What is Antibiotic Resistance?

Antibiotic resistance is a dangerous trait of microbes. It makes them unresponsive to the action of antibiotics. Such resistance may be an acquired or a natural trait. The most common cause is that antibiotics are used too often in the treatment process. Danuta Dzierżanowska writes about it in her book entitled "Practical antibiotic therapy".

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1.Is antibiotic resistance dangerous?

Bacterial strains show resistance to antibiotics. This is dangerous because it is antibiotics that should fight bacteria. However, bacteria are able to build up defense mechanisms that render the antibiotics ineffective. One can speak of primary and acquired resistance here. Primary resistance to antibiotics is a natural feature of bacteria. Some of them are simply resistant to certain antibiotics. Acquired resistance, on the other hand, occurs when a bacterium, through spontaneous mutation or contact with other bacteria, produces resistance to an antibiotic that until recently was effective in fighting it.

Resistance to antibiotics is demonstrated by bacterial strains (123RF)

Antibiotic resistance can also be classified as follows:

• Microbial resistance. Such resistance is characterized in that some bacterial strains can survive higher antibiotic concentrations than the same or related microorganisms.

• Pharmacological resistance. Such resistance is characterized by the fact that bacterial strains can survive higher doses of the antibiotic than those conventionally used in the treatment process.

• Clinical resistance. Such resistance is characterized by resistance to an antibiotic with no other types of resistance present. It may depend on individual drug sensitivity or be related to other medications taken.

Side effects of taking antibiotics [5 photos]

Antibiotics are the last resort for many people. Most often we reach for them when the effects in the treatment ...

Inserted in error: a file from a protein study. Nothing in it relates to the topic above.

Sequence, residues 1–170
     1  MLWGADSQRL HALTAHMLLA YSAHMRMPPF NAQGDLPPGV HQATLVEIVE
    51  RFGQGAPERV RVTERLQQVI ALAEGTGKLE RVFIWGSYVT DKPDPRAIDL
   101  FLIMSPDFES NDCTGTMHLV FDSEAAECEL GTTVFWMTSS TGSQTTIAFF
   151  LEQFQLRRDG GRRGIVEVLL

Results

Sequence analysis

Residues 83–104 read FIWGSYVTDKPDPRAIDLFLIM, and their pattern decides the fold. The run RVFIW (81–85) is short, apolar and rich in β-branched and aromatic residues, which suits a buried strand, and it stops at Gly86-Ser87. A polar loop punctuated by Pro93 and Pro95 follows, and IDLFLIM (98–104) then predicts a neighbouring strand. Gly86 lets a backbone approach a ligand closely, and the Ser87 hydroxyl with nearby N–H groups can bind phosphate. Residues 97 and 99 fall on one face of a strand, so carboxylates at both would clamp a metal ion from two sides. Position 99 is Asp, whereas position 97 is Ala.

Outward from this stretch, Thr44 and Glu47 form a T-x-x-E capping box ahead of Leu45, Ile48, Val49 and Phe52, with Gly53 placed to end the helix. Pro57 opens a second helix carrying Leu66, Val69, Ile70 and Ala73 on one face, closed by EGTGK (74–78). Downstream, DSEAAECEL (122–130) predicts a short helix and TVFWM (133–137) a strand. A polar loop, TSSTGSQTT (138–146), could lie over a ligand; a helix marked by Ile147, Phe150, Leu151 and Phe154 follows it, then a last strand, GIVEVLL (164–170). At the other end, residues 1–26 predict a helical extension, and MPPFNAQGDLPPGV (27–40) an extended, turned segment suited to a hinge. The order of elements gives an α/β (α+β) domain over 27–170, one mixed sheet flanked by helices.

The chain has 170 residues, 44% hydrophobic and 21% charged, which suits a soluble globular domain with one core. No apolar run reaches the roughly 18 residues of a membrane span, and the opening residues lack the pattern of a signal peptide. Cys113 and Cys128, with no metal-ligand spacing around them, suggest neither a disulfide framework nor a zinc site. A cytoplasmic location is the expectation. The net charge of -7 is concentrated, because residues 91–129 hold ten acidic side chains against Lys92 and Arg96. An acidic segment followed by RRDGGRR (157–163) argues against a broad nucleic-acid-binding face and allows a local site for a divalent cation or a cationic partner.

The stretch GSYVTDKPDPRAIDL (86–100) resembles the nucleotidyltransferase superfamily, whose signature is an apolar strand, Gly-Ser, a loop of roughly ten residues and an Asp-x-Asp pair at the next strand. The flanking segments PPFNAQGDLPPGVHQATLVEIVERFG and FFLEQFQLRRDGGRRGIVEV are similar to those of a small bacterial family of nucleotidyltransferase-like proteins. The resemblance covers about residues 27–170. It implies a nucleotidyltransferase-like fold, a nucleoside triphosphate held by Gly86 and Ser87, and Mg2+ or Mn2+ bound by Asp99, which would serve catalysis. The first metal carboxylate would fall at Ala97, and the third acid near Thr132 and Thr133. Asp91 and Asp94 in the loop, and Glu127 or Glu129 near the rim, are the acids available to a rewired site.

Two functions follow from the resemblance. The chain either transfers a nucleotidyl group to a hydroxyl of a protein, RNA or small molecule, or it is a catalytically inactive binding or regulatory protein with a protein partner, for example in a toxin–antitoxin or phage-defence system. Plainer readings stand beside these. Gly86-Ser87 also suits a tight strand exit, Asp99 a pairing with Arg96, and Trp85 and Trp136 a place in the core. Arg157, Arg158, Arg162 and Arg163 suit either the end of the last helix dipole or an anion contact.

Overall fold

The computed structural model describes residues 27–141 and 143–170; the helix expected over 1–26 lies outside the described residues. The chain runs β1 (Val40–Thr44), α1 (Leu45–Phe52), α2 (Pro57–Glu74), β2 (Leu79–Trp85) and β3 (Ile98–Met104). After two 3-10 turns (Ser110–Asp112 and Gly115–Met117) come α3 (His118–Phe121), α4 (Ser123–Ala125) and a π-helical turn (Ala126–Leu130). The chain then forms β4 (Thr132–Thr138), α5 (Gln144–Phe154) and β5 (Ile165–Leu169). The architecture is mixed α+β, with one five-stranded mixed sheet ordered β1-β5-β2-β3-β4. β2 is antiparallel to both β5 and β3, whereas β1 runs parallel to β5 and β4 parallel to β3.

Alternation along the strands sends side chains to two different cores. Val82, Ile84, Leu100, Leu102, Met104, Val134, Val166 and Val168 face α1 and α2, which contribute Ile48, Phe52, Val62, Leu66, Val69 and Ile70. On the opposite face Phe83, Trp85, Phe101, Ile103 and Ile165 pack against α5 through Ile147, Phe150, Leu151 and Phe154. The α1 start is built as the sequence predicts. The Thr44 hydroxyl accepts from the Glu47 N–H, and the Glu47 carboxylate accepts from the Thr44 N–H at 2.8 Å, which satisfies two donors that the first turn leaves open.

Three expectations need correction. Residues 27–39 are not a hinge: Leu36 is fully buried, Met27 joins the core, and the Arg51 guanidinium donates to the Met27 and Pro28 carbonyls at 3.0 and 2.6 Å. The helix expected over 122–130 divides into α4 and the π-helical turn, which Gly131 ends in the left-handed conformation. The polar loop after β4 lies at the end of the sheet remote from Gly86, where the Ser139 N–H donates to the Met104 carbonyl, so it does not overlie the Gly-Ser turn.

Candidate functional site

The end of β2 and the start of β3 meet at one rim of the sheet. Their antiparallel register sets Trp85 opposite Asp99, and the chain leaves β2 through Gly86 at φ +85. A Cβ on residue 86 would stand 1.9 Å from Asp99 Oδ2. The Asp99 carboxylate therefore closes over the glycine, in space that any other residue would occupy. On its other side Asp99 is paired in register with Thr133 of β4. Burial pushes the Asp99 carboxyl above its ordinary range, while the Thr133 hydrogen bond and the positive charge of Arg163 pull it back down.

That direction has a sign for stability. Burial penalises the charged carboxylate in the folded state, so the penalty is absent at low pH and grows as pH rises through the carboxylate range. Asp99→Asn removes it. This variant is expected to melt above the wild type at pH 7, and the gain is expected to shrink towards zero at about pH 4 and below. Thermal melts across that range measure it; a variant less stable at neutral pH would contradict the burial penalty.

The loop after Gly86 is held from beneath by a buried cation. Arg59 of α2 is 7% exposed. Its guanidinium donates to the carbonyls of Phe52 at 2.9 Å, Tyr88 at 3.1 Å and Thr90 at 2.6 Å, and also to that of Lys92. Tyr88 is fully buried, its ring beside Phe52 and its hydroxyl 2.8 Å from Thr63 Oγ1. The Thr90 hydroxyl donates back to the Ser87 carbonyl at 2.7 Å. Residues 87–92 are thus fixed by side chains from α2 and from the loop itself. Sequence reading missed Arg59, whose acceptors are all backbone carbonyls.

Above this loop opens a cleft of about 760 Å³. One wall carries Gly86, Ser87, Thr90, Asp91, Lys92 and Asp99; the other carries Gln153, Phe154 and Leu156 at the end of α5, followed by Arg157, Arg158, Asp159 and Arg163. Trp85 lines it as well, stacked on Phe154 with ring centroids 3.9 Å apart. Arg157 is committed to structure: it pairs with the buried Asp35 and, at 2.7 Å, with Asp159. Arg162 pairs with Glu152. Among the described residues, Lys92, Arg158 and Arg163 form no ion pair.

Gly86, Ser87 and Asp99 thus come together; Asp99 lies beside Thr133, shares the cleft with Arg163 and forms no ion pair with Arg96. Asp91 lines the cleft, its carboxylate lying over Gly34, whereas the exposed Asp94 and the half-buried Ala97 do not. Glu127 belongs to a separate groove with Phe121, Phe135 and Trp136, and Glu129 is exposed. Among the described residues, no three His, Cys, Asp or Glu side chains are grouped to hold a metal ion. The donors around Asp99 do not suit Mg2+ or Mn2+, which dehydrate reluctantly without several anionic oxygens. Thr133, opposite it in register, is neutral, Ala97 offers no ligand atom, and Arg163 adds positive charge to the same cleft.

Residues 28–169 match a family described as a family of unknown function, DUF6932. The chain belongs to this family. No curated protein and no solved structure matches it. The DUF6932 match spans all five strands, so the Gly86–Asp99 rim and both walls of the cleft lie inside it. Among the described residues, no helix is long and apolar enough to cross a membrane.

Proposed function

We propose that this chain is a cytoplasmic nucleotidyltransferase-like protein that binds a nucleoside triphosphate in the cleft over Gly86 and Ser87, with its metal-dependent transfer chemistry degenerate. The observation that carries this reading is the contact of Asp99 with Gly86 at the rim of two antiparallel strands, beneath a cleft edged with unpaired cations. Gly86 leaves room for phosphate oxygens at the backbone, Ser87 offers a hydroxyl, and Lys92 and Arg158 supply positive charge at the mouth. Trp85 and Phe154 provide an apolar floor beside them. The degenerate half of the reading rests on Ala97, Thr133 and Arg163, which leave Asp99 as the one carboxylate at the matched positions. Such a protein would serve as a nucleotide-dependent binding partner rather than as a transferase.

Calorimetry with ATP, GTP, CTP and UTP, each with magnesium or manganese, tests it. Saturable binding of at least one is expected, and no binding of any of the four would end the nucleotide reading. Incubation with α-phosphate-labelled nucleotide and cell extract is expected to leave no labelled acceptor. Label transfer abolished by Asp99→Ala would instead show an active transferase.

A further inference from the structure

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2. Types of antibiotic resistance

There are three basic types of resistance: natural, acquired, and cross.

• Natural resistance, also called primary resistance, is genetically determined. Such a mechanism makes the antibiotic ineffective and it is not dependent on external factors.

• Acquired resistance, also called secondary resistance. It arises as a result of resistance to a given antibiotic, and often even to a whole group of antibiotics. This resistance can be acquired spontaneously as a result of mutation. It can also occur as a result of acquiring genes from another bacterium. The cause of this type of resistance is the use of too many antibiotics both in the treatment process and in the food industry. It occurs when we use antibiotics too often. Especially when it is not medically advisable. This produces acquired resistance and is not effective antibiotic therapy. Danuta Dzierżanowska writes about it in her book. The administration of antibiotics should be the last step in treatment and should be used when other forms of therapy have failed.

• Cross-resistance. It occurs when a bacterium that is resistant to one antibiotic is also resistant to a drug that has a similar chemical structure. This type of resistance is most commonly seen with macrolide antibiotics.

3. Are all bacteria resistant to antibiotics?

Fortunately, not all bacteria are resistant to antibiotics yet. While some bacteria may be resistant to certain types of drugs, others can fight them. In this case, treatment can begin with those antibiotics that have the broadest spectrum of action. It is best, however, before prescribing specific antibiotics, to conduct an antibiogram to select the best antibiotic that will make the treatment faster and effective.

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